Friday, 25 November 2016

Spices, Deserts & Body Heat - Persolaise Perfume Recommendations For Winter 2016

In recent weeks, much of my time has been taken up with writing articles for other platforms, which means that I haven't had many opportunities to share my scented views with all of you here on To try to redress the balance, I've put together a list of some of the new (and new-ish) releases which have caught my attention and which would make worthy additions to your winter wardrobe. I realise I've already reviewed some of them on this blog, but never mind: they deserve the repetition!

Here's the rundown...

Galop D’Hermès from Hermès (Christine Nagel)
Christine Nagel’s take-over as in-house perfumer at Hermès achieves completion with this impeccably balanced juxtaposition of a leather note with rose. Thigh-smacking earthiness on the one hand; eyelash-fluttering coyness on the other. The stirrup-shaped bottle is attention-grabbing too.

Au Coeur Du Désert from Tauer Perfumes (Andy Tauer)
More than a decade ago, Andy Tauer released his classic amber composition, L’Air Du Desert Marocain. With the help of the blogosphere, it became the stuff of modern legend. Now he gives us this extrait-strength version, still swooning beneath the power of labdanum and vanilla, but lighter on the smoky notes. Gorgeous.
In this literally leather-clad flanker to last year’s Dark Rebel, Rodrigo Flores-Roux builds up a subtle base of tanned hide, cocoa and woods underneath herbs, bitter orange and saffron. Perfect fare for those who fancy wearing heavy-hitting materials in a relatively unostentatious way.

Blackpepper from Comme Des Garçons (Antoine Maisondieu)
The trouble with most pepper-based scents has often been that their star material doesn’t stick around long enough for the after-show party. But Blackpepper is a tireless exception, using cedar, musks and new-fangled synthetics to keep the central spice note on the dancefloor all night long. A superb return to form for CdG.

Bond-T from Sammarco (Giovanni Sammarco)
Designed to evoke the atmosphere at a chocolate factory in Pisa, this is a snarl of cocoa, osmanthus and tobacco, whipped into obedience by a black leather belt. A striking, engrossing piece of work from a brand whose wares have piqued my interest.

The 70s perfumery revival comes to the fore in the latest addition to Amouage’s Midnight Flower Collection. A hairy-chested, flare-wearing groover, it combines herbs and a luminous patchouli to Saturday-Night-Feverish effect. Just watch out for those pointy collars.

Les Extraits Verts from Tom Ford
A quartet of compositions, unabashedly inspired by the decade that seems to have been on the minds of several scent-makers: the 70s. One of the most acclaimed masterpieces from that period is, of course, Chanel No. 19 and its studied, galbanum-based formality can be found in Vert Bohème, albeit in a less inscrutable manner. Vert De Fleur pulls of a similar trick, but with magnolia and a room-filling hiss of hyacinth. Vert Des Bois and Vert D'Encens are somewhat freer with their interpretation of the green concept. The latter focuses, as you'd expect, on incense, as well as on the camphoraceous aspects of firm balsam and pine, materials that aren't normally filed under 'green'. The former is essentially a radiant, turn-on-all-the-lights patchouli, made sparky with anisic notes. All four are welcome inclusions to the Private Blend range, as well as a sign that green scents may be back in vogue... again.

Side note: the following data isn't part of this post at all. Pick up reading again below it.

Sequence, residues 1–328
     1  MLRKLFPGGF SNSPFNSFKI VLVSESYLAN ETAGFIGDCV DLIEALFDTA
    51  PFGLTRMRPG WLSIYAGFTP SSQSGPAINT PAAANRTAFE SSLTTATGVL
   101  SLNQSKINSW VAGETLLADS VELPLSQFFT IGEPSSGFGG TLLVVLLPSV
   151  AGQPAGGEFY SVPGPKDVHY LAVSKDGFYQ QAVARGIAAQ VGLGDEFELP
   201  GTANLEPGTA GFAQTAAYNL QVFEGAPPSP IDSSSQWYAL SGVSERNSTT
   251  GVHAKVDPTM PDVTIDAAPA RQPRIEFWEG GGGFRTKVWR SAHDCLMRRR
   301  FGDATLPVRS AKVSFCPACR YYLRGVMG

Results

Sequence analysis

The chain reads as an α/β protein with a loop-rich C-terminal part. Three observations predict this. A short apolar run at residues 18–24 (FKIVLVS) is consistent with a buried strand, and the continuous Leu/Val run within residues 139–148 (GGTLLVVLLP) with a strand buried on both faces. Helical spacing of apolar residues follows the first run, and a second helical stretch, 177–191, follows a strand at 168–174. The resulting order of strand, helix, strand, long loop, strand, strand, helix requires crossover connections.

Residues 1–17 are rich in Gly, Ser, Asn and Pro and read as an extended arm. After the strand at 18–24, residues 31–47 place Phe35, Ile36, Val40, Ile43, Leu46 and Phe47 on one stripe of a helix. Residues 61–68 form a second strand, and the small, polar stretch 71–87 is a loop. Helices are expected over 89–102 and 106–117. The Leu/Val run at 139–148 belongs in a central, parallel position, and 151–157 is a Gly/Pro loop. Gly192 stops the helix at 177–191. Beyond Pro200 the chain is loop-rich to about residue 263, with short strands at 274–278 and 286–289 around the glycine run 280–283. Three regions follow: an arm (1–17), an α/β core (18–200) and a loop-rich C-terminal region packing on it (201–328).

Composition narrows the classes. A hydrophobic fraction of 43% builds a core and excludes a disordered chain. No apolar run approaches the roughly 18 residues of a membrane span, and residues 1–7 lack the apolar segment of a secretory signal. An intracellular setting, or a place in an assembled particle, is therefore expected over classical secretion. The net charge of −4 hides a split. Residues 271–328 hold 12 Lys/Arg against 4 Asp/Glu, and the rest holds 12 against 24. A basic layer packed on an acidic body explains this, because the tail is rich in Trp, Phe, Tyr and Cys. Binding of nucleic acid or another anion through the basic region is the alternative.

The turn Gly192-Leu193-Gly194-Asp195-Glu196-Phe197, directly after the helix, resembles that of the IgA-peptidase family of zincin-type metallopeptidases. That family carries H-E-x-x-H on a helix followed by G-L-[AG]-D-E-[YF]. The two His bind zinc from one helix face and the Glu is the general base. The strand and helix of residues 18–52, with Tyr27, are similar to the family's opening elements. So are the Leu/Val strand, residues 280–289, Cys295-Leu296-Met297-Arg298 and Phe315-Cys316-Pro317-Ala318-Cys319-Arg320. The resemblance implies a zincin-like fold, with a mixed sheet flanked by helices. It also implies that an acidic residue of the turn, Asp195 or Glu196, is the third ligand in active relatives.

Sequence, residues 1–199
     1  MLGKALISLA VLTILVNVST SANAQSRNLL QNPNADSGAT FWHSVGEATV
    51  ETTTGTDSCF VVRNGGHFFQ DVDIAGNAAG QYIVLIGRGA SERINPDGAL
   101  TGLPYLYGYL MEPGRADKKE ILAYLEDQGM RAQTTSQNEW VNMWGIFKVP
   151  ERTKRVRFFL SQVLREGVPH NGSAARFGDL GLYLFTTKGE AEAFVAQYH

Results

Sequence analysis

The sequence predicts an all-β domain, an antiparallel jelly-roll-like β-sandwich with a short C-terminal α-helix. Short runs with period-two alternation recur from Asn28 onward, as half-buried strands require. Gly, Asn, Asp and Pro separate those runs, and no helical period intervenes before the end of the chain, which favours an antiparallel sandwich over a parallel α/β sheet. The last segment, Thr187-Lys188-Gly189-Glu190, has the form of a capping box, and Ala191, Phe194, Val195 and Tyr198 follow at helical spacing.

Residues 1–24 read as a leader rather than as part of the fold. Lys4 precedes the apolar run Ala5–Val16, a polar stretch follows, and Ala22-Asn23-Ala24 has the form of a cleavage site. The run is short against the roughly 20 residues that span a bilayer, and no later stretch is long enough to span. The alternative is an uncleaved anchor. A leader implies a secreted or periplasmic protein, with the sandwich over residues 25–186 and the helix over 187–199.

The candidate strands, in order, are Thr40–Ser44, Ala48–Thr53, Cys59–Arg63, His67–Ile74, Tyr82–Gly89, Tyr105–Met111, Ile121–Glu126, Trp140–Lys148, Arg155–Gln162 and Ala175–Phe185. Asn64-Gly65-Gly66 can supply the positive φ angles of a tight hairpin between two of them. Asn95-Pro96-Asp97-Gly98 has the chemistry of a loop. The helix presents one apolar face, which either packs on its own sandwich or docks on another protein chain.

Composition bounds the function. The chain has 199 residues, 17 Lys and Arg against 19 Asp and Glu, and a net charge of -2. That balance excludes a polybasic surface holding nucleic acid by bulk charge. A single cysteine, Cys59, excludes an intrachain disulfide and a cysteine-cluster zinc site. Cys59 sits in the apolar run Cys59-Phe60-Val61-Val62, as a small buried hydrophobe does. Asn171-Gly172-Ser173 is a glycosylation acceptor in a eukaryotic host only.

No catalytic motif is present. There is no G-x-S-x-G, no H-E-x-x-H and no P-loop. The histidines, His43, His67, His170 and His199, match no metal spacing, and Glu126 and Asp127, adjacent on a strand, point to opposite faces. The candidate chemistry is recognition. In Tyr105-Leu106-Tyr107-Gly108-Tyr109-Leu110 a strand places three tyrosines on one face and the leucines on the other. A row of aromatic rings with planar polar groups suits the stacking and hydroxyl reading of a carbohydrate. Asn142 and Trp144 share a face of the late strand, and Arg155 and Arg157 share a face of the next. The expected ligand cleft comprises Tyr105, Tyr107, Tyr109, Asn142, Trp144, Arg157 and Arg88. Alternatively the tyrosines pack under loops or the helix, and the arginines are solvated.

L’Envol from Cartier (Mathilde Laurent)
Cartier are calling L’Envol a ‘transparent oriental’ and you can see why. It’s based on strong herbs and patchouli, but it never sinks under its own weight, remaining suitably airborne thanks to perfumer Mathilde Laurent’s expert use of musks and aldehydes. Check out the intriguing, refillable bottle too.

Ella and El from Arquiste (Rodrigo Flores-Roux)
Inspired by the Acapulco of the... wait for it... 1970s, brand founder Carlos Huber and his regular perfumer Rodrigo Flores-Roux have fashioned a time-capsule of a perfume. With its honeyed chypre structure, Ella almost feels as though it contains aspects of the likes of Aromatics ElixirAliage and Chloe. But retro homage aside, this stuff also has a compelling personality of its own. Its masculine counterpart, El, is just as commendable. A modern-day Kouros with an ego as massive as its tank of testosterone, it pumps up its leather, patchouli, mosses, herbs and civet into a vivid evocation of bygone masculinity. This stuff has no idea what a metrosexual is... and it's all the more compelling for it.

No. 5 body oil from Chanel
Some perfume fans have been using fragrance in oil form for decades, so this latest version of No. 5 won’t come as an innovation to them. Nonetheless, it’s worth recommending. Although considerably quieter in tone than the edt or the edp, it retains that familiar aldehydic-floral signature and gives it a sophisticated, feline glow.

Everyone’s jumping on the oily bandwagon! Since selling his company to Estee Lauder, Malle has released several excellent body products, but this is the finest yet. Emphasising the berry, apricot and cedar facets of Dominique Ropion’s symphonic rose, it’s a seduction ritual in a bottle, with a texture as irresistible as a lick of molten chocolate. The all-black, amphora-like packaging is a triumph of minimalist design.



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